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    A Bangkok Day. Wat Arun: The Temple of Dawn . . . and More!

    It was a beautiful Saturday late afternoon in Bangkok when I went to meet my friend at Wat Arun for some photography and then on to my favorite music venue, Saxophone, for some good live music.

     

    Left to right:  my friend and I at Wat Arun.

     

    Wat Arun is a fantastically ornate temple and chedi complex astride the Chao Phraya River.

     

    Wat Arun had been closed for many months, and shrouded in scaffolding for a major restoration.

     

    There are several temple structures, and several chedis crammed into a big square compound.

     

    The Wat Arun chedis are covered with intricate detail.

     

    When I say covered with intricate detail, I mean intricate detail.

     

    A phantasmagoria of Buddhist imagery.

     

    A massive and decorated chedi.

     

    There are a variety of structures at Wat Arun.

     

    There were quite a few tourists, Thai and foreign, at Wat Arun that afternoon.  These steps were very steep and irregular.

     

    I climbed those steps for this view.

     

    Such powerful visions!

     

    A Yak . . . a monster guard.

     

    As the afternoon light faded into evening, Wat Arun became more interesting.

     

    Bronze Buddhas here and there.

     

    Buddha and chedi at Wat Arun.

     

    Another bronze Buddha on the opposite side from the other one.

     

    Buddha in the golden light of the photographer's magic hour.

     

    Buddha and bikkus.

     

    Buddha Gotama and detailed Wat Arun chedi.

     

    The last of the golden light settling on the Wat Arun chedis.

     

    Some of the disassemble scaffolding from the recent renovation were still to be recovered.

     

    Deeper shadows . . . 6:00pm and the word went out to leave Wat Arun because it was closing time.  Oh no!

     

    I hated to leave Wat Arun as the light was getting better by the second!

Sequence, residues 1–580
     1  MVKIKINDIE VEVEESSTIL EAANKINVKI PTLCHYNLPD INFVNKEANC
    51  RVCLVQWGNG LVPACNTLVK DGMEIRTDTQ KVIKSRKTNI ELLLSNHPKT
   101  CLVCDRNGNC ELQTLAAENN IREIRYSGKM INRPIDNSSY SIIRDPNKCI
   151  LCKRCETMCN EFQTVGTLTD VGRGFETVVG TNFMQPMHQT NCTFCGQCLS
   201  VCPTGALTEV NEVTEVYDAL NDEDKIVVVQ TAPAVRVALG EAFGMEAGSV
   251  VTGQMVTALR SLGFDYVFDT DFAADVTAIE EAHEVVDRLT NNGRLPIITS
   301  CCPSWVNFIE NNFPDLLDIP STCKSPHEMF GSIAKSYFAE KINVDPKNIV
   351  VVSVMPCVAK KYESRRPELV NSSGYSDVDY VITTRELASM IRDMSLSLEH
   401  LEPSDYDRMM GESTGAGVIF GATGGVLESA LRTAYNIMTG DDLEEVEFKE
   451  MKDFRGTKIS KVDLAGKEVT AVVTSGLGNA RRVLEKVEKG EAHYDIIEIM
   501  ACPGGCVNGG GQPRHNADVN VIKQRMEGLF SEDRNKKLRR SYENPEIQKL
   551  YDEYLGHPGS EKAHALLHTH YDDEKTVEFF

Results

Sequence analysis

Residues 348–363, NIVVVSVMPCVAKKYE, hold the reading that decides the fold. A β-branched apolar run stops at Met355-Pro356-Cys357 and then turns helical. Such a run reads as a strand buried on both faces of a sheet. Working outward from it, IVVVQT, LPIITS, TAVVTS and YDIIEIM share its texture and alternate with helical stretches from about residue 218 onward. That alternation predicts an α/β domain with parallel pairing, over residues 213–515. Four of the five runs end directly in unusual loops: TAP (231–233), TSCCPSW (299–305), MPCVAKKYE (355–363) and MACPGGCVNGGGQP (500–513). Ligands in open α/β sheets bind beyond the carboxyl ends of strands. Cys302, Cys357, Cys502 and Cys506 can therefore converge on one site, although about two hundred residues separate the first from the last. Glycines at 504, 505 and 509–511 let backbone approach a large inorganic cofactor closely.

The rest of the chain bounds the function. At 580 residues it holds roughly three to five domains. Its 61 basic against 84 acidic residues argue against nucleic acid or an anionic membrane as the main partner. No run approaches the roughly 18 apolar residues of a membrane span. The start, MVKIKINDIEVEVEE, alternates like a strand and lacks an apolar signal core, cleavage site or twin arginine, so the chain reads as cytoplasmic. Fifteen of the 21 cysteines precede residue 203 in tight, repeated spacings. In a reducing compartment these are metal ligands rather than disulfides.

Wonderful late light . . . but . . .

     

    A beautiful light fell on this encased Buddha shrine.  We said iur good-byes to Wat Arun and headed out onto the small alleys to find the old Portuguese Cathedral . . .

     

    We found the Portuguese Cathedral along a stretch of river bank.

     

    The last light on the old church front.

     

    There could not be a greater contrast between this (recently restored) church interior and the splendor of Wat Arun only a few hundred meters away.

     

     

    We walked from the church to the river bank, now alight with tour boats and the shopping plaza on the far bank.

     

    Even at this hour, a troika of tug boats were struggling against the current to move a train of four huge rice barges to their upriver destinations.

     

    Looking up the river, we saw the last colorful light of a marvelous Bangkok sunset.

     

    These sunsets are very fleeting this close to the Equator . . . the sun goes down very fast here.

     

    We were so infatuated with the sunset that we hadn't noticed this amazing old, pre-war teak wood house bathed in the orange glow of the dock lighting.

     

    Only the shadow knows . . . a self portrait.

     

    Beautiful traditional detailing . . .

     

    And, yes, the house is lived in . . .

     

    I could not get enough of this old wooden house . . . it was mesmerizing.  We left to take a taxi across Bangkok to the Saxophone Pub.

     

    There was a very good Thai 'salsa band' playing.

     

    The trumpeter was especially good.

     

    Great jazz chops.

     

    The band sung in Spanish.

     

    The bass player kept the band very tightly together.  We really enjoyed ourselves the entire afternoon and evening.

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